Slavery and Colonialism: Romantic vs. Imperialist

“Eighteen Hundred and Eleven” reflects Anna Barbauld’s recognition and reaction to some of the imperialistic views of The Enlightenment Period  seen in works such as Daniel  Defoe’s Robinson Crusoe. Eighteen Hundred and Eleven” reflects Anna Barbauld’s recognition and reaction to some of the imperialistic views of The Enlightenment Period  seen in works such as Daniel  Defoe’s. The contrasting views on slavery and colonialism are two of these imperialistic views seen through the comparison of these two works.  In Defoe’s work, slavery is presented as an acceptable reality of the times. Defoe transitions Crusoe from “trading with the negroes”  to the trading of negroes, “how easy it was to purchase upon the coast… negroes, for the service of the Brazils”, without moral issue (Defoe). Anna Barbauld, on the other hand, demonstrates support for the abolitionist work of Thomas Clarkson whom she calls a “friend of man” (143).She also shows pride in London’s “Streets, where the turbaned Moslem, bearded Jew/And wooly Afric, met the brown Hindu” (Barbauld 165-166). Through “Eighteen Hundred and Eleven” Barbauld also shows her fearful reaction to colonialism and the disruption of nature. She expresses a fear that South America and its many natural beauties and resources will not be able to resist or withstand the “mass of misery” of colonialism’s “broad hand” (Barbauld 320, 328) Defoe, however, does not express any resistance to colonialism but rather shows it  support through the success and pleasure Crusoe displays in his plantation in the Brazils. These differences in the writings of Barbauld and Defoe highlight just a couple of the alternatinf views between the Enlightenment Period and the Romantic Period.

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3 thoughts on “Slavery and Colonialism: Romantic vs. Imperialist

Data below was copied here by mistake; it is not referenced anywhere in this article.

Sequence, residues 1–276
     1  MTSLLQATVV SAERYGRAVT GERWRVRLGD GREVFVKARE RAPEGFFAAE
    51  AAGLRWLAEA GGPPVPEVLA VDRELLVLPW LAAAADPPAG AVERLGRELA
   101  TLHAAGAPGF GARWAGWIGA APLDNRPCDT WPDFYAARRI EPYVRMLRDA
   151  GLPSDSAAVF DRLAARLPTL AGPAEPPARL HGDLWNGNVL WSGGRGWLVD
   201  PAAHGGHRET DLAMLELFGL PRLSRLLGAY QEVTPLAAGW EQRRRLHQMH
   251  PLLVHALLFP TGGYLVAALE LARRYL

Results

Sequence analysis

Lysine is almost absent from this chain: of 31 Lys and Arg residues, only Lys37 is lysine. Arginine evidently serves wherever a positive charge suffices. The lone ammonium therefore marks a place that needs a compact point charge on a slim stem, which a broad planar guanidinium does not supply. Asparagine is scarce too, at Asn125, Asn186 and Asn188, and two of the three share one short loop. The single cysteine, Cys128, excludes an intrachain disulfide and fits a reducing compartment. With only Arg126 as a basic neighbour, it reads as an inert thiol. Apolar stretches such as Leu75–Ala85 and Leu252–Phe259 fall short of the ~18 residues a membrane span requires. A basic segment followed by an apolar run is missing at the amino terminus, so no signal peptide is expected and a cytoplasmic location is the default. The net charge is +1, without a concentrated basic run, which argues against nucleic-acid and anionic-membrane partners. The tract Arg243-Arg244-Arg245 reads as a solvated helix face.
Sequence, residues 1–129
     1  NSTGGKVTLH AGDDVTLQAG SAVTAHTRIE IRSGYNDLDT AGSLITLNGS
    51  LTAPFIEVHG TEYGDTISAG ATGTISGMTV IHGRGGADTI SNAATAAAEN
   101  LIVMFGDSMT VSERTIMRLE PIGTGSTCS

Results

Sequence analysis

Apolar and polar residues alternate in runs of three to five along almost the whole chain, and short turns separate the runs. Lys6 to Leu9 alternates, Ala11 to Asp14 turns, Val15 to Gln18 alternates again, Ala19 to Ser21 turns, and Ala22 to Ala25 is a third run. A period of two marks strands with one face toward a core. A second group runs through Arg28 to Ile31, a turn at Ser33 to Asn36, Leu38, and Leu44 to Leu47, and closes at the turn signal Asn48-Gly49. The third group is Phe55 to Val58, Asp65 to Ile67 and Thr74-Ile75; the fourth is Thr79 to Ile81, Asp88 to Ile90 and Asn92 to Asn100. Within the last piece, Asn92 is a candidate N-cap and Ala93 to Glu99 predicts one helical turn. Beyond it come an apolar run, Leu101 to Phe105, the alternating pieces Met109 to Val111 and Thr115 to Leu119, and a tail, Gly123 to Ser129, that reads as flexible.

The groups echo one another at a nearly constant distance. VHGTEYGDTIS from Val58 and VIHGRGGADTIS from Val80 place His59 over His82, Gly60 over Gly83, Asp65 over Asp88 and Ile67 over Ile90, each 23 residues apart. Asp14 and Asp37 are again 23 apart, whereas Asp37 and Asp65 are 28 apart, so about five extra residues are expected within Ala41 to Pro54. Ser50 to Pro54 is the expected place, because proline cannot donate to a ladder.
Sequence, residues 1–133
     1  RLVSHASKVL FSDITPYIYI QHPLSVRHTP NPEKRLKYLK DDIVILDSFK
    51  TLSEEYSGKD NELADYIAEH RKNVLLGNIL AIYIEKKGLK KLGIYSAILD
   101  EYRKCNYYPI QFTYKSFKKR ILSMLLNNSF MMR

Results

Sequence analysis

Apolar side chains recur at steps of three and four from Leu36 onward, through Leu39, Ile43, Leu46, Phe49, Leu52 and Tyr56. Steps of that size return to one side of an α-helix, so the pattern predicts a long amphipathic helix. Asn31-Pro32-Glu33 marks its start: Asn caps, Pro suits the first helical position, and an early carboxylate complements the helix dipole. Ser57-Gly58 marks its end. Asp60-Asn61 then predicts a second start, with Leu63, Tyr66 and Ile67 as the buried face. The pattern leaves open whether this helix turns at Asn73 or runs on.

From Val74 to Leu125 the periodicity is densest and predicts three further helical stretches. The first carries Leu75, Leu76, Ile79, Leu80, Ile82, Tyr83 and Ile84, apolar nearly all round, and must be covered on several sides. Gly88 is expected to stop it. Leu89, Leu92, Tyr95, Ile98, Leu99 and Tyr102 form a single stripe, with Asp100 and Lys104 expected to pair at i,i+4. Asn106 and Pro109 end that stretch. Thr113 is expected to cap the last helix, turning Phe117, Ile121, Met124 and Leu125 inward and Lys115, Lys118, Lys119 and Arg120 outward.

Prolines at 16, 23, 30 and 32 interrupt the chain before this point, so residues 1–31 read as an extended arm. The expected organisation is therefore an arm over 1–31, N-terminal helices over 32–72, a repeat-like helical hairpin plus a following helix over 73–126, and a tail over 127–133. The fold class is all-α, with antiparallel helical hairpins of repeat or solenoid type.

1. Your point on the varying opinions of slavery is very interesting! I especially like how you bring up Barbauld’s apparent pride in the various races and religions one could find walking through the street of London, in opposition to Defoe’s nonchalance when speaking about African slaves. According to those who praised the Enlightenment, the time of Defoe’s writing, that era was a time of increased liberty and blossoming equality among men. Because of these new ideals, one might assume that a decline in the acceptance of slavery would also occur. This, then, creates a contradiction. Defoe’s era of apparent equality allows for slavery, while Barbauld’s era, a time that reacted against the ideals of the Enlightenment, considers slavery an evil institution and ethnic diversity something to be desired.

  2. I like the disconnect you present in “went from trading with Negroes to trading Negroes.” It shows the feelings of the times on the subject and the disconnect they had in seeing slaves as just another tool. Then comparing this to the abolition movements that came as a result of a different period.

  3. All very good observations here. Let’s keep in mind, though, that Barbauld is still writing at a time, in 1811-1812, when slavery was still accepted by the majority of the populace. She is very much going against the grain in applauding Clarkson. Your connection of Crusoe’s plantation in Brazil with Barbauld’s ending the poem with several allusions to anti-colonial resistance in South America is a nice bridge between these two works that I hadn’t noticed before.

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